Respiratory and behavioral dysfunction following loss of the GABAA receptor α4 subunit
Article first published online: 5 FEB 2013
© 2013 The Authors. Brain and Behavior published by Wiley Periodicals, Inc.
This is an open access article under the terms of the Creative Commons Attribution License, which permits use, distribution and reproduction in any medium, provided the original work is properly cited.
Brain and Behavior
Volume 3, Issue 2, pages 104–113, March 2013
How to Cite
Loria, C. J., Stevens, A. M., Crummy, E., Casadesus, G., Jacono, F. J., Dick, T. E. and Siegel, R. E. (2013), Respiratory and behavioral dysfunction following loss of the GABAA receptor α4 subunit. Brain and Behavior, 3: 104–113. doi: 10.1002/brb3.122
- Issue published online: 14 MAR 2013
- Article first published online: 5 FEB 2013
- Manuscript Accepted: 2 JAN 2013
- Manuscript Revised: 21 DEC 2012
- Manuscript Received: 12 OCT 2012
- National Institutes of Health. Grant Number: NS59648
- CWRU/Cleveland Clinic
- CTSA. Grant Numbers: UL1 RR024989, HL087377
- VA Research Service. Grant Number: I01BX000873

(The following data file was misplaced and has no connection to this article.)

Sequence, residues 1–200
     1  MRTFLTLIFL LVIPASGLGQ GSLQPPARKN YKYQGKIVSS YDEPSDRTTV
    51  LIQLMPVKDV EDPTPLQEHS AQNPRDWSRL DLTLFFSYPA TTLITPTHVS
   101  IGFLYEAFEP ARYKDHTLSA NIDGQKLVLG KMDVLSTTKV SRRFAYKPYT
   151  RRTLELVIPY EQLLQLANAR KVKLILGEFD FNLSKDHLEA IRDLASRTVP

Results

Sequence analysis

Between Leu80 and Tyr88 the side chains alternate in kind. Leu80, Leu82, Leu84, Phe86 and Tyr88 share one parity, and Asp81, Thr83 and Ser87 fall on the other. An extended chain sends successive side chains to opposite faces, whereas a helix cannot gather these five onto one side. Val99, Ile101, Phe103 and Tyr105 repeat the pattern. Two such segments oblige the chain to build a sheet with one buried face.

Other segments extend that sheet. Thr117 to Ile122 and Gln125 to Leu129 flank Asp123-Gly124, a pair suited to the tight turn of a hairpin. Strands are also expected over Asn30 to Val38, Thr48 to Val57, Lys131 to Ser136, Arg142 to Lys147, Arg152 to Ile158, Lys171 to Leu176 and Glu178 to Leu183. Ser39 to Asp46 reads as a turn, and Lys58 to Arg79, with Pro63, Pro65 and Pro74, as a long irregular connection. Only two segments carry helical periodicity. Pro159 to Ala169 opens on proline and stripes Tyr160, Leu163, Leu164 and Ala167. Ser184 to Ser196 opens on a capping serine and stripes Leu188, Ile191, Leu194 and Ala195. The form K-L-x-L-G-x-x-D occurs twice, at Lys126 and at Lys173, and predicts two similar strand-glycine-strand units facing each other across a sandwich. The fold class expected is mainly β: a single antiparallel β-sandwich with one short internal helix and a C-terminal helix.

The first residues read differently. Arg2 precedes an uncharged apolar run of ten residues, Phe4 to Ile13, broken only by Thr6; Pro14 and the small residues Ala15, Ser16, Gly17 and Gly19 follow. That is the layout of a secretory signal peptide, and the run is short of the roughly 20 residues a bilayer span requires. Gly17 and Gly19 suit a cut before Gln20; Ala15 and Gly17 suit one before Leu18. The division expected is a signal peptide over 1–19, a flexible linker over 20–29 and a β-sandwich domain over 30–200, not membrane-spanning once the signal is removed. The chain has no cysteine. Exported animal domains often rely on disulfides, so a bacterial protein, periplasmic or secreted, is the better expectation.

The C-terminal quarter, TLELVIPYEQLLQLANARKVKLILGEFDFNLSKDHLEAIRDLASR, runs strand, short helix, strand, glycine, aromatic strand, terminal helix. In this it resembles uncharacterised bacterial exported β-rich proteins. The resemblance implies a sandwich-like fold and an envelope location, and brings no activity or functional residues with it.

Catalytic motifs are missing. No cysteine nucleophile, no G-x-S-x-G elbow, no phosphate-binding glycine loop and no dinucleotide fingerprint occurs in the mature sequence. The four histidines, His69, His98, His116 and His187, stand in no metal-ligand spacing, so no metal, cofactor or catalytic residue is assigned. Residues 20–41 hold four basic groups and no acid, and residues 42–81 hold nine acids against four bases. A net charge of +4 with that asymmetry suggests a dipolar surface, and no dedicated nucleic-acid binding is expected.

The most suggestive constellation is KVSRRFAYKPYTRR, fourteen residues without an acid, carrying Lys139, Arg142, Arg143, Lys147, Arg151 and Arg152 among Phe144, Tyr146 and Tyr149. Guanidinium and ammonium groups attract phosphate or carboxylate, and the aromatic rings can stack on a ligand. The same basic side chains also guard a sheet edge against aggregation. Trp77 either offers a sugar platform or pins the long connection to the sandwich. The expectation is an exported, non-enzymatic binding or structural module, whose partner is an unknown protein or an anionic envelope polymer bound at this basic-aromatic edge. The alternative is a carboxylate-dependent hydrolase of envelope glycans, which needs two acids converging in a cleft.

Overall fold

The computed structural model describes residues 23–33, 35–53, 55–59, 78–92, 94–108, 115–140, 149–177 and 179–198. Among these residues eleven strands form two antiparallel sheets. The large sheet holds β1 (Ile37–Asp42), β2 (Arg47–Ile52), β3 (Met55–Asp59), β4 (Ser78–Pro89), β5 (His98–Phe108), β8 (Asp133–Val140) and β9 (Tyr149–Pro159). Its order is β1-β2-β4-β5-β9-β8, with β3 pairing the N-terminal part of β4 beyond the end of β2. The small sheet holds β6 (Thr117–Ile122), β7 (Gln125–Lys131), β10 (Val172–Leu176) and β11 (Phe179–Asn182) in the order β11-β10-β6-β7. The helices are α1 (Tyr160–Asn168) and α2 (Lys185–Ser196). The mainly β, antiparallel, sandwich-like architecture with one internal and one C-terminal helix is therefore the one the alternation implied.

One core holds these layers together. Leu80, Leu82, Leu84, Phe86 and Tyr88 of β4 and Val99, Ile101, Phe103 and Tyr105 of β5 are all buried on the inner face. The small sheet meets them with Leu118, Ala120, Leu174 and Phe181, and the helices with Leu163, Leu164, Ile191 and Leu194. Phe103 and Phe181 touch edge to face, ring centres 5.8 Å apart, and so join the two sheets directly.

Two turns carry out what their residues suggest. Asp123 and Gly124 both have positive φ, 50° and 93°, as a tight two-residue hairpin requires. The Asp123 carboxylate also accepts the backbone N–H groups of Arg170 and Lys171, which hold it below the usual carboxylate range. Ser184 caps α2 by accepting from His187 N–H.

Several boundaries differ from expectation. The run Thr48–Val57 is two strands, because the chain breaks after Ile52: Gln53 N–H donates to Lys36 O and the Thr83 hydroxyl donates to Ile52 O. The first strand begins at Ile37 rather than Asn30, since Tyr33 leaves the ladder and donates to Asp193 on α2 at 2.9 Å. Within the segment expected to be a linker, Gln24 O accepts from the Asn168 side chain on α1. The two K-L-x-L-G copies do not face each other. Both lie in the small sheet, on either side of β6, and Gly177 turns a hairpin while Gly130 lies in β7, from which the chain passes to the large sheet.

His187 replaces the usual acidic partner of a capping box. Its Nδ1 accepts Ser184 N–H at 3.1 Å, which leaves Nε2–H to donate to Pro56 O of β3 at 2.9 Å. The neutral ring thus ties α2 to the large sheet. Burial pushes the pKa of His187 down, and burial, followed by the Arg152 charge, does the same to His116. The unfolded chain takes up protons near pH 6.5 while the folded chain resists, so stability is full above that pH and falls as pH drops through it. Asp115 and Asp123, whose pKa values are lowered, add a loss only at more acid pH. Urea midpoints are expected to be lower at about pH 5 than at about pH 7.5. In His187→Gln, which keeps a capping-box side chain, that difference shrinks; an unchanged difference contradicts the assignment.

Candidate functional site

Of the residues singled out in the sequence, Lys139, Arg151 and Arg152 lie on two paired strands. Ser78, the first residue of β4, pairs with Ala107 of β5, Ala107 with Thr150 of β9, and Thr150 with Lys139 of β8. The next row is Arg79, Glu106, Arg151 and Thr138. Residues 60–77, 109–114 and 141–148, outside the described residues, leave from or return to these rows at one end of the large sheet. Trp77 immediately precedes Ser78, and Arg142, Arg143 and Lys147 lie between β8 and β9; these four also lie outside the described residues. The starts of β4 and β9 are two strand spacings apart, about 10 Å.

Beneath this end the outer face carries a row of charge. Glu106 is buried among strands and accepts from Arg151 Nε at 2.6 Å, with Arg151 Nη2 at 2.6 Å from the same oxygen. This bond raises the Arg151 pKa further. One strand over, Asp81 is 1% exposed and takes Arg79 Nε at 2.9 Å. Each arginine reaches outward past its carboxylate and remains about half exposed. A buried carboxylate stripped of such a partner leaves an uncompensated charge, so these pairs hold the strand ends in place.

- Control of breathing;
- GABAA receptor subunits;
- ventilatory response
γ-Aminobutyric acid type A (GABAA) receptor plasticity participates in mediating adaptation to environmental change. Previous studies in rats demonstrated that extrasynaptic GABAA receptor subunits and receptors in the pons, a brainstem region involved in respiratory control, are upregulated by exposure to sustained hypobaric hypoxia. In these animals, expression of the mRNA encoding the extrasynaptic α4 subunit rose after 3 days in sustained hypoxia, while those encoding the α6 and δ subunits increased dramatically by 2 weeks. However, the participation of extrasynaptic subunits in maintaining respiration in normoxic conditions remains unknown. To examine the importance of α4 in a normal environment, respiratory function, motor and anxiety-like behaviors, and expression of other GABAA receptor subunit mRNAs were compared in wild-type (WT) and α4 subunit-deficient mice. Loss of the α4 subunit did not impact frequency, but did lead to reduced ventilatory pattern variability. In addition, mice lacking the subunit exhibited increased anxiety-like behavior. Finally, α4 subunit loss resulted in reduced expression of other extrasynaptic (α6 and δ) subunit mRNAs in the pons without altering those encoding the most prominent synaptic subunits. These findings on subunit-deficient mice maintained in normoxia, in conjunction with earlier findings on animals maintained in chronic hypoxia, suggest that the expression and regulation of extrasynaptic GABAA receptor subunits in the pons is interdependent and that their levels influence respiratory control as well as adaptation to stress.